Technology is leading us down a bright road, promising us a future of comfort and security. Presently, an RFID tag embedded under the skin cannot provide positive identification. Identities can still be stolen. Biometrics can identify individuals with amazing accuracy, but it’s not perfect. Technology isn’t quite there…yet. But solutions are being discovered every day.
New systems, such as the ones I design and install, provide society with the infrastructure for an economic system that can utilize a number system in place of cash, checks and credit cards. And this is the goal! Economics drives it. The Bible says that politics will exploit it. All that is currently lacking to bring such a system online is proof-positive identification of each individual, such as an injected chip and a global network of scanning devices (see “I’m Now Convinced” below). The goal for completing U.S. installation is five years.
All that would be needed for the system to come alive is one political decision. That is how far we are away from the fulfillment of the mark of the beast described in Revelation 13. — Robert Mack
I’m now Convinced…
I have been a communications engineer for 25 years and have called your program several times to scoff at what some of your presenters have stated about Big Brother’s abilities. But after reading an article entitled, “Wireless Transceiver-On-Chip Now Possible” from the EE Times, I am now convinced that the final piece of the puzzle is in place for the global tracking of everything.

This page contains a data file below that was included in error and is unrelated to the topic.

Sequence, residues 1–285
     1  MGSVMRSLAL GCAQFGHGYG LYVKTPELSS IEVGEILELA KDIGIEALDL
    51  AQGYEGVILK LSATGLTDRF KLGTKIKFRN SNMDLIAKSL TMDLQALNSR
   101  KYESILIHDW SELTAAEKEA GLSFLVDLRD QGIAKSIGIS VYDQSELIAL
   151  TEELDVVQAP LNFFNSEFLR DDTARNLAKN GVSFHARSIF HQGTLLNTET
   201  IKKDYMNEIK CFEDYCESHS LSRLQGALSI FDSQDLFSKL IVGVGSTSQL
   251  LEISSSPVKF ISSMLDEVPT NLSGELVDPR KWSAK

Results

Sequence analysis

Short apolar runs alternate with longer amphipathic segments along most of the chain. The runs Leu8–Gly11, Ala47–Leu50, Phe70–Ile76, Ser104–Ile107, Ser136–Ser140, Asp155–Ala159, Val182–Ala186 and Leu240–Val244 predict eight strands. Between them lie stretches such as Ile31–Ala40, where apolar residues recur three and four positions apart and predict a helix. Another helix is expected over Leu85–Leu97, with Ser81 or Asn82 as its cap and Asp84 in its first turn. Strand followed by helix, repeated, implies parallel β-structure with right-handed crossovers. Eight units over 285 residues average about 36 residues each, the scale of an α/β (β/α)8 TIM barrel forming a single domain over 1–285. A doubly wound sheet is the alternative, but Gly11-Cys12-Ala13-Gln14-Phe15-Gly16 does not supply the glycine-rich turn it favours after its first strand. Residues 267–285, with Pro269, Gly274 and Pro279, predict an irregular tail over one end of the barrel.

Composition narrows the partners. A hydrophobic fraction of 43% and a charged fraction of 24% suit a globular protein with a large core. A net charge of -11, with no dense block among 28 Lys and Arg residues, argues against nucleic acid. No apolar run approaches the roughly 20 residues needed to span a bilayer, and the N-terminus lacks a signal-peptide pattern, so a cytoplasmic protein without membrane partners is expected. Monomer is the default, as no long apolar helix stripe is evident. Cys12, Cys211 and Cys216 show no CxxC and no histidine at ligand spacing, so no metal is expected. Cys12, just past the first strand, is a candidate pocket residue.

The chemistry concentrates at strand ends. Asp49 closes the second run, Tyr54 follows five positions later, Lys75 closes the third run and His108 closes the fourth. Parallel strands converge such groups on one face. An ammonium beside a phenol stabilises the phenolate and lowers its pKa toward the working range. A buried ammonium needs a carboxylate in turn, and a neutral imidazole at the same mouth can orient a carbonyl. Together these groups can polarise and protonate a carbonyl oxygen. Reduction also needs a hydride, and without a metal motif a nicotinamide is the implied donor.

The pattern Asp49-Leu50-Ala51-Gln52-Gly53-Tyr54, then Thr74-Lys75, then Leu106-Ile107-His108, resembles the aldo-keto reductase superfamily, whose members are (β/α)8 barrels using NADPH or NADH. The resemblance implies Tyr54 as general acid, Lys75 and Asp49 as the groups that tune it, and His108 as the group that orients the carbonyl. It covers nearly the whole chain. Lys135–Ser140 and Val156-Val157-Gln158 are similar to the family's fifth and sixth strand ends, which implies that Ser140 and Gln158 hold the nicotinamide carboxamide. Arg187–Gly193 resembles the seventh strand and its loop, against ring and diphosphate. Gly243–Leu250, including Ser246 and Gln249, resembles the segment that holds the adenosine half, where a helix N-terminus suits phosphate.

A research team from the Wireless Integrated Micro-systems Engineering Research Center at the University of Michigan says it has succeeded in integrating the last two components needed to create a one-chip wireless transceiver. It will now be possible to manufacture hearing aide-sized cell phones to what they call “smart dust”.
The researchers expect the technology, which was developed with Defense Advanced Research Projects Agency and National Science Foundation funding, to be applied in remote wireless environmental sensors, cell phones, laptops and two-way radio watches. “We think we can make sensor nodes that are almost invisible,” remarked one of the team leaders. “With this technology, you could just sprinkle them around.”
Bottom line: “This new invention allows for all of those RFIDs to be read anywhere in the world and you will never see the reader, as it will be a little larger than a grain of sand.” —Kevin Bradway